If you soak the grain in an acidic medium such as apple cider vinegar, whey from yogurt or lemon juice, it helps to activate the phytase, which breaks down the phytic acid. This makes what you consume more nutritious, because the phytic acid not only retains the nutrients in the grain, disallowing your body to absorb them, but it also attracts other minerals in your gut. This means you lose out on absorbing other necessary minerals such as calcium, iron, phosphorus, magnesium and zinc, minerals that could help replenish your teeth and bones.

It is all baby steps with our daughter. I don’t expect to hear news of regrowth of the enamel the next time we visit the dentist, and I’m even bracing myself for news of a cavity as we take two steps forward and one step back.

We limit sugary foods in our home, but we do allow it when they are out or with the wider family. I am struggling to find an economical alternative to bran flakes, which she loves. That will be my next menu item to address. However, I have found a great alternative to store bought bread that she and the others seem to be enjoying, and I’ll end this first instalment of our family diet column with a fairly simple recipe:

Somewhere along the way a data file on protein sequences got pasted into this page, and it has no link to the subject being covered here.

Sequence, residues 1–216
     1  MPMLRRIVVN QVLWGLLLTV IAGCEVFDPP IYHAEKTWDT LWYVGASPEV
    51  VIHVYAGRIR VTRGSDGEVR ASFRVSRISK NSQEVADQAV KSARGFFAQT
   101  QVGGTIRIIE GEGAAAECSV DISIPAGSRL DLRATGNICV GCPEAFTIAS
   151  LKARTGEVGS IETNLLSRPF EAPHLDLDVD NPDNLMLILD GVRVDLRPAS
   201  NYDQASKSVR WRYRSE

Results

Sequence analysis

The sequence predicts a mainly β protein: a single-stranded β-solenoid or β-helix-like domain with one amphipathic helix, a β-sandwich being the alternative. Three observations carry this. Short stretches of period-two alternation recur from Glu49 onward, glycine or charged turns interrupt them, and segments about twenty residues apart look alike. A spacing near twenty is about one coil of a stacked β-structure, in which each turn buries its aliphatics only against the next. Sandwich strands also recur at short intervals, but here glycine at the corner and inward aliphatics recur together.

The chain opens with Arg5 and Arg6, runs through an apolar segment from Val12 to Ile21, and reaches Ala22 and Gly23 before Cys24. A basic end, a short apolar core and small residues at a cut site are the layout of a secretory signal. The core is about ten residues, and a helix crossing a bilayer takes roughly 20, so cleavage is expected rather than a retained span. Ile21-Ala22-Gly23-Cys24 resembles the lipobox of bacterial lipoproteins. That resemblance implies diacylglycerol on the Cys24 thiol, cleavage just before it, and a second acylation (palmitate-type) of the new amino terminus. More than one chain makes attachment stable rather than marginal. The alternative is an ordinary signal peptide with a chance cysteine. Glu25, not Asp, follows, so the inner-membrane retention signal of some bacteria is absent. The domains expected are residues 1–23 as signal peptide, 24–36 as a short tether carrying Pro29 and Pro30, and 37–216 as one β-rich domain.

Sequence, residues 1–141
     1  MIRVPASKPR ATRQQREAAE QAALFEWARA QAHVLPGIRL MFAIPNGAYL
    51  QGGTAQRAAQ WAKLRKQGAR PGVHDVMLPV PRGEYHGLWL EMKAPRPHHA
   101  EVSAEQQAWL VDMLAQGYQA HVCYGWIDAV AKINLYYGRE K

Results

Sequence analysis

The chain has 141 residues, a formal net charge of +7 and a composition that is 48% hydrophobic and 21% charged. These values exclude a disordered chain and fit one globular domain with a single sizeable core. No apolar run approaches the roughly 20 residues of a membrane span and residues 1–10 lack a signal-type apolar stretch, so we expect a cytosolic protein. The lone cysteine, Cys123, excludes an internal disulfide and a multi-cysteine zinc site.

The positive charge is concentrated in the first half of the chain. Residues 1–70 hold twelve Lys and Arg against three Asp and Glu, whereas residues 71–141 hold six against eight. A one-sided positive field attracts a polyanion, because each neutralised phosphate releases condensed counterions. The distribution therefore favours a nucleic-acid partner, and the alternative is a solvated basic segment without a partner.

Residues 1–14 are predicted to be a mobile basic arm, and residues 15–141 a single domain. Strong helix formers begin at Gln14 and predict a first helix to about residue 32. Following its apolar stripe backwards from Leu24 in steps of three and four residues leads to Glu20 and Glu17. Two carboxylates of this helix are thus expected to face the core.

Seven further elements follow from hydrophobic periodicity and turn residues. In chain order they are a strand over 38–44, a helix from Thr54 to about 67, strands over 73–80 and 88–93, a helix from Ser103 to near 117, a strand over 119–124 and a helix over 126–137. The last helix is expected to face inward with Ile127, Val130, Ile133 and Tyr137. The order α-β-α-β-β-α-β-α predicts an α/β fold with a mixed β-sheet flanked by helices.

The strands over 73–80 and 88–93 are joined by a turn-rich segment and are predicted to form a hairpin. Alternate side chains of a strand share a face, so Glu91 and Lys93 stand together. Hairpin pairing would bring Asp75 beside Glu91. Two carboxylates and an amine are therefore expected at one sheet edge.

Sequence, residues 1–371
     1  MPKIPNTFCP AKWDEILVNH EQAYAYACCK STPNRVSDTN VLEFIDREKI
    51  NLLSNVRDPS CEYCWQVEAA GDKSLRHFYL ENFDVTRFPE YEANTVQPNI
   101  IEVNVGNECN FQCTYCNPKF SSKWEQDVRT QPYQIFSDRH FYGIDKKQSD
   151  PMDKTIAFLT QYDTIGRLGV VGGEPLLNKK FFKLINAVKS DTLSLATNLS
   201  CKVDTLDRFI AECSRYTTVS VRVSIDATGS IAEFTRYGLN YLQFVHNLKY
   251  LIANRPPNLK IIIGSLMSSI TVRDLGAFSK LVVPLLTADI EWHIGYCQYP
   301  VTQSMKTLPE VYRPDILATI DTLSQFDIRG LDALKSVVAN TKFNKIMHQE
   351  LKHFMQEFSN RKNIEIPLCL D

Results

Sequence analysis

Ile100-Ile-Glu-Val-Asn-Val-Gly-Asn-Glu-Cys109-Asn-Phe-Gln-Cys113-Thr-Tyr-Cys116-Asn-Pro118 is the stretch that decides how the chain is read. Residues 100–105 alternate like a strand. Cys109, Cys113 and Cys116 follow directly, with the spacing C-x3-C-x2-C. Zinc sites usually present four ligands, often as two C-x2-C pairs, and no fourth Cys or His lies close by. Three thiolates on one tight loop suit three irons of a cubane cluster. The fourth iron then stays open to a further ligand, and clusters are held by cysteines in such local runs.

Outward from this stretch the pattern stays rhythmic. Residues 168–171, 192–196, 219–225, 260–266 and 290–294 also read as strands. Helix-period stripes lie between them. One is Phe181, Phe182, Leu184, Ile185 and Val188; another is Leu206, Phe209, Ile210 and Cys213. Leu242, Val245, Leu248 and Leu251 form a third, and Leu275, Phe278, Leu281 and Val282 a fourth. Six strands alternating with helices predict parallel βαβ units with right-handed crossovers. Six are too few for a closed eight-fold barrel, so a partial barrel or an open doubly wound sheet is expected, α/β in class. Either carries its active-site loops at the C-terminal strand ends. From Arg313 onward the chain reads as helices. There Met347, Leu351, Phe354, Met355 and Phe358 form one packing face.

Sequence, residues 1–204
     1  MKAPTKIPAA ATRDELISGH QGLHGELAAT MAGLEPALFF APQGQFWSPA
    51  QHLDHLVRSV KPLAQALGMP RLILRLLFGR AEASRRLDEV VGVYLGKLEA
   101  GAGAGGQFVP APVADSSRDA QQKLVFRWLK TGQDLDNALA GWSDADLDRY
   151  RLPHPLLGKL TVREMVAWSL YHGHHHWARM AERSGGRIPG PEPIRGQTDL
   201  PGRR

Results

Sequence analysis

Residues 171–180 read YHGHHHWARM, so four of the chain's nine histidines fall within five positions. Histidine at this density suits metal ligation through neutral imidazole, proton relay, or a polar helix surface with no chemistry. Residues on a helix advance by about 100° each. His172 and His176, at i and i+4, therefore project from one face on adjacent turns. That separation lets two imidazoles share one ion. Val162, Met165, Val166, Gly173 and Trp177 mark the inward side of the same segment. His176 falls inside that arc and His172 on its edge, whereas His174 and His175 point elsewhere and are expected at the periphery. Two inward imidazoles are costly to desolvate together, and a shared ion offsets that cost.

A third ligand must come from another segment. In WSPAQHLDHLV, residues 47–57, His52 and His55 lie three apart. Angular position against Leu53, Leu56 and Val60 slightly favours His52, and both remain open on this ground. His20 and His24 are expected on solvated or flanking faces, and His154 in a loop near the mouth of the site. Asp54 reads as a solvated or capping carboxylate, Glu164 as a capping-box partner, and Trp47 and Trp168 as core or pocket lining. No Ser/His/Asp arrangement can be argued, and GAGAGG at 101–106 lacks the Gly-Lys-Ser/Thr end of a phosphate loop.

• 2 cups whole wheat flour
  • ¼ cup either coconut oil, butter, lard or tallow
  • ¾ cup warm water
  • I tbs apple cider vinegar or whey.
  • 1 tsp salt

Rub the flour and coconut oil (or butter) together until there are no lumps. Stir in water and whey (or apple cider vinegar). Form into a ball and cover with film. Leave in a warm place (such as in the oven with the light on) for 12 to 24 hours. The next day, sprinkle with salt and knead a few times until it is mixed in. Separate into eight balls. Roll them out into circles and fry on an ungreased, pre-warmed pan for 30 seconds on each side.

[Thanks to for this recipe!]

It takes a little planning, but other than that they are fairly quick to make and they are healthy. They are also great served with peanut butter and honey, which is a popular combination for our kids.